Is Rio Grande LNG withholding information or lying to investors?
On June 21, 2019, an anonymous letter was submitted and published on the Federal Energy Regulatory Commission website attempting to air out Next Decade's dirty laundry. In this letter, it specifically states that Next Decade's (Rio Grande LNG's parent company) senior management Matt Schatzman and Krysta De Lima directed employees to keep designs and plans for Rio Grand LNG from the public in any form or fashion because they were different than what was submitted to the Federal Energy Regulatory Commission (FERC). If FERC found out, it would require Next Decade to file a revised application for the changed plans. Because Next Decade couldn't afford the delay brought on by such a process, Next Decade management, according to the letter, has been actively and intentionally concealing information from FERC for several years.
What do we know about the differences between what Next Decade filed with FERC and what they are planning now? In a late May press release and in a June corporate presentation, Next Decade presented information documenting the production capacity of LNG for each of its liquefaction trains as 5.78 mtpa. This is a 22% increase from what Rio Grande filed with the Federal Energy Regulatory Commission (FERC) of 4.5 mtpa for each liquefaction train. A higher mtpa in LNG production indicates a likelihood that different designs for the liquefaction trains are planned than what was submitted to FERC originally. More LNG, and export thereof, would result in more tanker traffic, increased impact on fishing boats, more ballast discharge, more air pollution, etc., thus requiring a revised application and additional environmental review.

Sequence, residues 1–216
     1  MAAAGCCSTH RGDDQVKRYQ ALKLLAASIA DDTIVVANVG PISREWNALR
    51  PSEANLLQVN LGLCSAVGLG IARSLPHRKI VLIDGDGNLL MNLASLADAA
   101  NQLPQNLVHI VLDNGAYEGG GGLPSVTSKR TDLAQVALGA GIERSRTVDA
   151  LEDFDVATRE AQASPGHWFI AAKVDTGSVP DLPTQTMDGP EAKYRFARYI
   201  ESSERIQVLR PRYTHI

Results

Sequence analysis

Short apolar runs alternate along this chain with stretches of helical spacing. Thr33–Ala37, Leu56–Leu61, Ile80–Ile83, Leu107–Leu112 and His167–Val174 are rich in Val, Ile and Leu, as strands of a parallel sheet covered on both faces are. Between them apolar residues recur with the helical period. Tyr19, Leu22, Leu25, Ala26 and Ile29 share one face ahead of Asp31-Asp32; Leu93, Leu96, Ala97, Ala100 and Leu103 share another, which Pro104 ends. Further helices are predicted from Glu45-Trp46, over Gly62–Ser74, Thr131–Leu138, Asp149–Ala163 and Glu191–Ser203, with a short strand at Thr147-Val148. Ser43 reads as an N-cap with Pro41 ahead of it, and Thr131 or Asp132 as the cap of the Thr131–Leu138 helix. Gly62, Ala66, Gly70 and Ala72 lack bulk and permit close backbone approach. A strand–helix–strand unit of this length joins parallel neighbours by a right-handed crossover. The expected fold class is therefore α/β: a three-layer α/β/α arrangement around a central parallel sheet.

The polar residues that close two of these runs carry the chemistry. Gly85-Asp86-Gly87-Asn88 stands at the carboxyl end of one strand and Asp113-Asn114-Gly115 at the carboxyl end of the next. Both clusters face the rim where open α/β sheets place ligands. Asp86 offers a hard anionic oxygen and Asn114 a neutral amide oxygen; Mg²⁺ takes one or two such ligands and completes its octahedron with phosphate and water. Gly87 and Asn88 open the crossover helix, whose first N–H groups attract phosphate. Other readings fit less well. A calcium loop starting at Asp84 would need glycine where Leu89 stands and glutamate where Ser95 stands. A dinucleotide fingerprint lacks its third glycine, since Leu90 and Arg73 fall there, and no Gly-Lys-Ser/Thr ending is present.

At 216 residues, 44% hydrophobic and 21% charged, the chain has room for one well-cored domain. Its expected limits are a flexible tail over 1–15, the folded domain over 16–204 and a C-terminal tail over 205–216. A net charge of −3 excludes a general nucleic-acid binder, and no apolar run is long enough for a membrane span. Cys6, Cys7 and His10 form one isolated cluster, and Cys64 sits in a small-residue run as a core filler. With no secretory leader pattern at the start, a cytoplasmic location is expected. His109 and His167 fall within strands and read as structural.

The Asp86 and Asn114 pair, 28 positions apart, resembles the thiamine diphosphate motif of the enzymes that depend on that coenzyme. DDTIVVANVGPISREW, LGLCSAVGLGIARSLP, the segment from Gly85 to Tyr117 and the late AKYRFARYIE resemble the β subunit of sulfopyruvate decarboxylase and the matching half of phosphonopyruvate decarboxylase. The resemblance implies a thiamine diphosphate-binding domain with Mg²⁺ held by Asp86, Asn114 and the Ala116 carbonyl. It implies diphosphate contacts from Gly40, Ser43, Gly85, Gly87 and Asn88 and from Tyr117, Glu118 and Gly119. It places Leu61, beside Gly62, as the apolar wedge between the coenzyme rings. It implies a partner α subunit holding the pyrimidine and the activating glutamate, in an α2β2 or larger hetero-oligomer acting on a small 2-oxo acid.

In light of the information from Rio Grande LNG, Sierra Club filed a document with FERC on May 30, 2019, requesting a draft supplemental EIS. Rio Grande LNG's reply to FERC reaffirmed original plans and stating, in summary, that the Sierra Club is mistaken and as having false information (even though information acquired by the Sierra Club was attained from Next Decade documents). In that case, are they lying to their investors?
Rio Grande LNG is expecting federal authorization on July 25, 2019. However, delays in mitigation with the US Army Corps of Engineers and a Biological Opinion from the US Fish & Wildlife Service, a delay in the FERC authorization decision is likely, not withstanding FERC's handling of the new information brought forth by the Sierra Club.